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HERDIN Record #: NCR-PHC-18062210293515 Submitted: 22 June 2018 Modified: 22 June 2018

Pulmonary risk factors compromising post-operative recovery after open heart surgical repair of rheumatic heart disease.

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      Rheumatic Heart Disease (RHD) is the most common and most serious complication of rheumatic fever. With chronic RHD, patients develop valve stenosis with varying degrees of regurgitation, atrial dilation, arrhythmia and with the development of heart failure,1 particularly when attributable to left ventricular systolic dysfunction, surgery has been inappropriately delayed. It is important to prevent irreversible damage to the left ventricle and irreversible pulmonary hypertension since both considerably increase the risk of surgical therapy and impair long term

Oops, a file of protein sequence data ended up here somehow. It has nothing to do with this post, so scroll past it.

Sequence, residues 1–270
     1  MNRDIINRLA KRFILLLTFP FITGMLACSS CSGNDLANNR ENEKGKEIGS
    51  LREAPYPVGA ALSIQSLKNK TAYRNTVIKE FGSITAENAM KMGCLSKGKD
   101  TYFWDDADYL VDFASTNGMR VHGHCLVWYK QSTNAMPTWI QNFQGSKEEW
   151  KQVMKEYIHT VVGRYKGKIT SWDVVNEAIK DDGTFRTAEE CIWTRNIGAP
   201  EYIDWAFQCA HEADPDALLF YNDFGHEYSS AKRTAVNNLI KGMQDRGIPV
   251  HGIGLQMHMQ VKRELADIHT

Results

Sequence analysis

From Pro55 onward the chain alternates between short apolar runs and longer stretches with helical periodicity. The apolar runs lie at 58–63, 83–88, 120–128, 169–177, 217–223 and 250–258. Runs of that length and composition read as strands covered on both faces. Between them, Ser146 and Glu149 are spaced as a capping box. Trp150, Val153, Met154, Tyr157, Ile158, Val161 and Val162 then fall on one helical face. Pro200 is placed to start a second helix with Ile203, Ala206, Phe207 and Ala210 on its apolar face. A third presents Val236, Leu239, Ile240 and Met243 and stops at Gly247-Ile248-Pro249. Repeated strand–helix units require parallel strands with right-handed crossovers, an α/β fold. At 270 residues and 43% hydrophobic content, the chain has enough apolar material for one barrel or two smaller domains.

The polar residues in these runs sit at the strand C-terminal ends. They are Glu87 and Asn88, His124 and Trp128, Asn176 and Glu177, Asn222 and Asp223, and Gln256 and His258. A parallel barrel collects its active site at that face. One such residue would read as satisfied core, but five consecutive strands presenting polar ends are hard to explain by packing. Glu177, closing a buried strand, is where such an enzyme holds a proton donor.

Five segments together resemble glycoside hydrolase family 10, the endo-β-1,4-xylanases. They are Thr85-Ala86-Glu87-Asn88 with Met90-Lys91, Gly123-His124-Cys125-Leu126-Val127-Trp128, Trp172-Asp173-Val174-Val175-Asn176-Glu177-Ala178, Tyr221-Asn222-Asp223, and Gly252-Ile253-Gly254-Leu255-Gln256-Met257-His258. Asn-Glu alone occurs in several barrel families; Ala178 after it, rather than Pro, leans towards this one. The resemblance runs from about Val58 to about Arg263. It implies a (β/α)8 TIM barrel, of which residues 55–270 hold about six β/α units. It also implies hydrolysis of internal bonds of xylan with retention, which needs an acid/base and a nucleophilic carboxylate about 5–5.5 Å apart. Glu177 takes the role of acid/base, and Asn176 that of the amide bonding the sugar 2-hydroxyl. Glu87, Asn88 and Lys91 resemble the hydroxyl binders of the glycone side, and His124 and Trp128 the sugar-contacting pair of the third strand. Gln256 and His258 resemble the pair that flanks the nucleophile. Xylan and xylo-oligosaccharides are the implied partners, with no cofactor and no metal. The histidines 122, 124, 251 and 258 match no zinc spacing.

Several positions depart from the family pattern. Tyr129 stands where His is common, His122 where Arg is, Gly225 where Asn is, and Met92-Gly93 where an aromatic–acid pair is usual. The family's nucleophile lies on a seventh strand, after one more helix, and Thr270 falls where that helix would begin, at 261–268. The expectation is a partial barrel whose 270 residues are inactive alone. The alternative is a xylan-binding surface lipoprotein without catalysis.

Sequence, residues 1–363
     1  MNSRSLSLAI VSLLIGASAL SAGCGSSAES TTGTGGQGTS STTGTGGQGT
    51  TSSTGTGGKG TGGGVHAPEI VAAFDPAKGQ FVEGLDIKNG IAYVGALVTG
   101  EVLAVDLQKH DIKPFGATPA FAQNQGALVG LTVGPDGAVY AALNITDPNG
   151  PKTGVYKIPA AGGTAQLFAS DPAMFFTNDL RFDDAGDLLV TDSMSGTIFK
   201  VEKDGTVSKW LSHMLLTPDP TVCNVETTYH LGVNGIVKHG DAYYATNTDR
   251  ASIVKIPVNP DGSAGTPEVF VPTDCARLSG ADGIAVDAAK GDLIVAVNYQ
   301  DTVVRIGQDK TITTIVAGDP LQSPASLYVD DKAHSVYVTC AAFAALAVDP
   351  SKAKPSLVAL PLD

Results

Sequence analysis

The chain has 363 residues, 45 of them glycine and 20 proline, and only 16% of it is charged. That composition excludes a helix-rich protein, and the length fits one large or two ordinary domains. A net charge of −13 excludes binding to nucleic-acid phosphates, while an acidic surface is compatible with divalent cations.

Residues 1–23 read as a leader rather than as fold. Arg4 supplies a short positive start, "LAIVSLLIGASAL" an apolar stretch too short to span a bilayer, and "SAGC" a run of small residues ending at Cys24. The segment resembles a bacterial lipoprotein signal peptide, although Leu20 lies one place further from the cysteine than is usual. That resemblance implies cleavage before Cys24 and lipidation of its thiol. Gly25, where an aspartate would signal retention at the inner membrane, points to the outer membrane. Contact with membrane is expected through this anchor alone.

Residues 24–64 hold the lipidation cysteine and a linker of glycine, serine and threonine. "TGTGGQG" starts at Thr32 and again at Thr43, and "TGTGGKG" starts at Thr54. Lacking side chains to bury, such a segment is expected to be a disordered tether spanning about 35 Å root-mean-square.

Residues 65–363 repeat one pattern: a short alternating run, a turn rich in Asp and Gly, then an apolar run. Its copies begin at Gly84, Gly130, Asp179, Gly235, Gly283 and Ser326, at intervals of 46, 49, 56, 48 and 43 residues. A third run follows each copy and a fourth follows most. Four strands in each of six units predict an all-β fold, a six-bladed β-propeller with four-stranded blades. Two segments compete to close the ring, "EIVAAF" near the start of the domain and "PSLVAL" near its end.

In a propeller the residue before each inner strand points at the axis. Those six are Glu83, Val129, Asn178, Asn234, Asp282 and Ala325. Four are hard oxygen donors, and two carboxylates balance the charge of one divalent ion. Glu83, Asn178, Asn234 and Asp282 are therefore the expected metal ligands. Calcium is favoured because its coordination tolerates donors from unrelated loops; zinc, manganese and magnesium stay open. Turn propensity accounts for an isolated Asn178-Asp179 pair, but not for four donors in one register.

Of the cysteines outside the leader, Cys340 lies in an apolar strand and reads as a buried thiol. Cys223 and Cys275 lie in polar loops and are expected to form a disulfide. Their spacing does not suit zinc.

Surgery is performed with low mortality and most patients are expected to have an uncomplicated post-operative course.2 However, there remains a small subgroup of patients in whom the intensive care course before and after surgery is complicated and protracted. These "prolong stay" patients have a high mortality and morbidity rate. It is therefore the aim of this study to retrospectively review all children undergoing open heart surgery for rheumatic heart disease at our institution and attempt to identify specific pulmonary risk factors that may underlie increases in the duration of ICU stay in this patient population.

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Philippine Heart Center Medical Library PHC.R.008.04 Fulltext (Download)

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